Many of us go through our day with thoughts zipping around our brains like pinballs in a pinball machine. Some of these thoughts are helpful and productive, and some are simply reactive, familiar thoughts that keep us stuck and unhappy. The first step in creating any change in our thinking is to become aware of what thoughts we are thinking. We can do this by engaging in mindfulness practices such as meditation, yoga, qigong, or tai chi which put an emphasis on begin in the present moment. As you become more aware of your thoughts, you can redirect them to ones that are more helpful.
What is an unhelpful thought?
An unhelpful thought is one that triggers a negative feeling inside of you and often keeps us feeling stuck or helpless in our lives.
- A thought about something in the future you have no control over
- A thought judging or criticizing someone else or yourself
- A thought comparing yourself to other people
- Frustration or stress about a situation you can’t control
- Thinking about the past in any vein that isn’t learning from it
- Cursing (events, situations, people)
- Wishing things were different
In contrast, helpful thoughts look more like this:
- Planning for future actions based on desired outcomes
- Reflecting on the past to prevent ourselves from making future mistakes.
- Self-reflection: “Why did I do this? What are my true motives?”
- Getting to know yourself: “What do I want? What makes me happy?”
- Thoughts that generate positive states.
- Understanding your own strengths, and weaknesses.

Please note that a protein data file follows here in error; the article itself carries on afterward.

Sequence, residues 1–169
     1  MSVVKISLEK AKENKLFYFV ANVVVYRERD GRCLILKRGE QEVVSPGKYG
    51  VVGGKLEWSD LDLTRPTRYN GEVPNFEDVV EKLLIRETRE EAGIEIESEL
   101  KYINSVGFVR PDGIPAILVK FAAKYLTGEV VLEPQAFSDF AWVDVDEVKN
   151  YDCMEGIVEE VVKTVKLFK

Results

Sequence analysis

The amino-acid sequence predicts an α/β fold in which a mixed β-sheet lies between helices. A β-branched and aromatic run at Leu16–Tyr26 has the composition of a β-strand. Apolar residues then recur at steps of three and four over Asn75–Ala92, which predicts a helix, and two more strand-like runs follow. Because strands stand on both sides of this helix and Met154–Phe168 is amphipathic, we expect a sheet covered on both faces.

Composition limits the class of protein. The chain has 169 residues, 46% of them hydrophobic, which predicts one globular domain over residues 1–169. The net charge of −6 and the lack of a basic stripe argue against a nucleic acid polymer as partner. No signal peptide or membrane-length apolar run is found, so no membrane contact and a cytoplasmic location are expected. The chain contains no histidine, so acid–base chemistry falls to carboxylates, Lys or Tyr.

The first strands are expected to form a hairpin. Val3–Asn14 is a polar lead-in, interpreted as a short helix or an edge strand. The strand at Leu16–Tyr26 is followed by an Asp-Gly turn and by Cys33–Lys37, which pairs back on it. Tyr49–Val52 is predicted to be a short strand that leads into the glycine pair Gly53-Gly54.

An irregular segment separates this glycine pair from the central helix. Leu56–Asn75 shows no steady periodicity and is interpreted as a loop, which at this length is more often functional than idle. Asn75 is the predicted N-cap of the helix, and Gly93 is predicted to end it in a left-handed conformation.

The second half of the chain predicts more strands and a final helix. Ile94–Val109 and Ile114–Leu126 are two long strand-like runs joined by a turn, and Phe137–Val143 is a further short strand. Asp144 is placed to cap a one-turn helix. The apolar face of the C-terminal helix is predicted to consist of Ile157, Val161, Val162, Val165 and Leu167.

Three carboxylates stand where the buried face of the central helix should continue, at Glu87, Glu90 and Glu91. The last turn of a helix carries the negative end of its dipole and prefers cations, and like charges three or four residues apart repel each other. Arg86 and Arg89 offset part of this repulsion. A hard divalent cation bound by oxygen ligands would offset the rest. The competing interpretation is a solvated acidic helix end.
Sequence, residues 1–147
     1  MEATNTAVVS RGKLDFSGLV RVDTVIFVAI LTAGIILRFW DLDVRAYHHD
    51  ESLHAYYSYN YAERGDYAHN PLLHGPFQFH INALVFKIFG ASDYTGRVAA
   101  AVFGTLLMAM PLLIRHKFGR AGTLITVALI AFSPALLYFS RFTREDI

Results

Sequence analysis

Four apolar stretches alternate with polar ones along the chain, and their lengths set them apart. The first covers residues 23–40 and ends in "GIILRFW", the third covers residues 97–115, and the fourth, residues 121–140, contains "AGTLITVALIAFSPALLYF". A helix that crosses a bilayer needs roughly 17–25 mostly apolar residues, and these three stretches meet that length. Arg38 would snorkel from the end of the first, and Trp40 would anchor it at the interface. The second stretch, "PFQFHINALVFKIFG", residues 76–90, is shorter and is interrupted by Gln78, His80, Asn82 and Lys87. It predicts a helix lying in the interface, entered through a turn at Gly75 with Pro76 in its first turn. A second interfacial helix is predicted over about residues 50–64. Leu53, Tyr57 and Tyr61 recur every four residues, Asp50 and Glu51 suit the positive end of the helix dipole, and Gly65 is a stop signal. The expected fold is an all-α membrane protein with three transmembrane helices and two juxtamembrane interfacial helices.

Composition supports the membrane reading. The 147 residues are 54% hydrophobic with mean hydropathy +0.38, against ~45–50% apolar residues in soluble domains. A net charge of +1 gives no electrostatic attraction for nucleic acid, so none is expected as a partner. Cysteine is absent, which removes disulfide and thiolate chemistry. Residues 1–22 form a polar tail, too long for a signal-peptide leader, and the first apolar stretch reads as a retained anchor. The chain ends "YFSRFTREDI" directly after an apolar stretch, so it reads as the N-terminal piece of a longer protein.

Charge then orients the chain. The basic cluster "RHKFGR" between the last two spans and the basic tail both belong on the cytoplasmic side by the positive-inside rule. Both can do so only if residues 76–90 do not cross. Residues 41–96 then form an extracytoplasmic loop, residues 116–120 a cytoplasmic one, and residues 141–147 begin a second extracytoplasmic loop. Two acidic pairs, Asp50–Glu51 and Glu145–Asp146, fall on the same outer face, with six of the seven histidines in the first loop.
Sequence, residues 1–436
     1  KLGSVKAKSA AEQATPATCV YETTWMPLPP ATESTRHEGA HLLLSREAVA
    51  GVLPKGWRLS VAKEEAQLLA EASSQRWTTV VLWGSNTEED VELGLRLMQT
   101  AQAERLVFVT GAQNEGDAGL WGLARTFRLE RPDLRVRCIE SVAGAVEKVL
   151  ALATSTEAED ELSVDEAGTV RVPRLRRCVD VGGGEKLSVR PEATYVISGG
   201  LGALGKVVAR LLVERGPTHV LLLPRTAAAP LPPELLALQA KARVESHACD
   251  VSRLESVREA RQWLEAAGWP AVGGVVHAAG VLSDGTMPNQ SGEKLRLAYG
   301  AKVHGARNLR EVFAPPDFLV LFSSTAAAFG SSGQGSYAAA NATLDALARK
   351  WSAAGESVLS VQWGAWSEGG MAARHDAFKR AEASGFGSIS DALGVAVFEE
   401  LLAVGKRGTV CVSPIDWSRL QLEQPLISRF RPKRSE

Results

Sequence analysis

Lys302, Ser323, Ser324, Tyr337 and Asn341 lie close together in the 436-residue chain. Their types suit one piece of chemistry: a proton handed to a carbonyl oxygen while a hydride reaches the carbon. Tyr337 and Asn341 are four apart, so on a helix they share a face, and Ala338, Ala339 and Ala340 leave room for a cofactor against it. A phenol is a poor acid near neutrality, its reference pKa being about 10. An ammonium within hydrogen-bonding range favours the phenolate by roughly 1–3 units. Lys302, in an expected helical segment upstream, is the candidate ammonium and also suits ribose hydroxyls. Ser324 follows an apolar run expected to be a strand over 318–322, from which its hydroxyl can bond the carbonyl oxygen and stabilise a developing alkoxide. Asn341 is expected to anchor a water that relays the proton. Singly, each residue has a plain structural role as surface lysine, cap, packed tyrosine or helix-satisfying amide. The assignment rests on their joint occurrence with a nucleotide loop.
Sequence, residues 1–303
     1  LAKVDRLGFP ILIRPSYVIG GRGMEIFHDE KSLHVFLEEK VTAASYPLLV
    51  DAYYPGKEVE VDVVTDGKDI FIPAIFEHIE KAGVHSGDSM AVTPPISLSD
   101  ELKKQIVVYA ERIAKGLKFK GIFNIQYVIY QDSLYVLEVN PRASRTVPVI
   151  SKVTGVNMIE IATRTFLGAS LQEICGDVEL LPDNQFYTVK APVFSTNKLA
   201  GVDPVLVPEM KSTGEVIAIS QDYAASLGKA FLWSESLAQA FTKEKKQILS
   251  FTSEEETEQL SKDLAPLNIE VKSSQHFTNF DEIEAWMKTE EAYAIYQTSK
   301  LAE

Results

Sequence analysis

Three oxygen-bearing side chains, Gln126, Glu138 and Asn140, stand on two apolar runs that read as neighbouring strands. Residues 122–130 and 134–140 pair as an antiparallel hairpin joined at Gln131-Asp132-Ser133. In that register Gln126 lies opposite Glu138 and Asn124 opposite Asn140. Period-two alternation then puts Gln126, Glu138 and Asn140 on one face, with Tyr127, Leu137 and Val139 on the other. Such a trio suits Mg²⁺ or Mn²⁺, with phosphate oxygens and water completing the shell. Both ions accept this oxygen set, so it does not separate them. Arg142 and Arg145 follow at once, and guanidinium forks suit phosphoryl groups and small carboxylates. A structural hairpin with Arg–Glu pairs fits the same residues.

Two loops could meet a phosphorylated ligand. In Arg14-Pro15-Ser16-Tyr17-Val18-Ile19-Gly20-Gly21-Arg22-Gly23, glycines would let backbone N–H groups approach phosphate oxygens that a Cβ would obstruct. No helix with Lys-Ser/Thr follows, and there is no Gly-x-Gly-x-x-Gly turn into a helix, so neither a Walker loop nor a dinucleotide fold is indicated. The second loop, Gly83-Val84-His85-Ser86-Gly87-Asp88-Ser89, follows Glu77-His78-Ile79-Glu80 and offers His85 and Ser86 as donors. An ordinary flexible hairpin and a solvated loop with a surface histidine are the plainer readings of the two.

- Well wishing
- Asking for help
Helpful tips to remember:
- Focus on the feeling state and outcome that you DO want rather than what you DON’T want. Start from the finish line, and then trace your steps backward. What thoughts would you need to think to have the desired outcome?
- Thoughts and emotions are all energy. Unhelpful thoughts are not our enemy. They are full of energy which just want to move. Think of them as a child who doesn’t know better. Find a solution or redirect the energy into something more productive.
- Energy follows thoughts and attention. Energy will nourish that which it is directed towards, so be careful where you direct your energy.
- We often use thoughts as a buffer between ourselves and the present moment, and between ourselves and physical or emotional discomfort. Emotions will show up in the body as aches, pains, or tension. However, chronically avoiding the present moment and the body often creates a great deal more chronic suffering.
Our thoughts can be like a wild horse at times. However, when we consciously choose the thoughts we think and where we put our energy, it will ripple out to the rest of our lives. This is the most simple yet life-changing practice you can start doing today.
By Jessica Glahn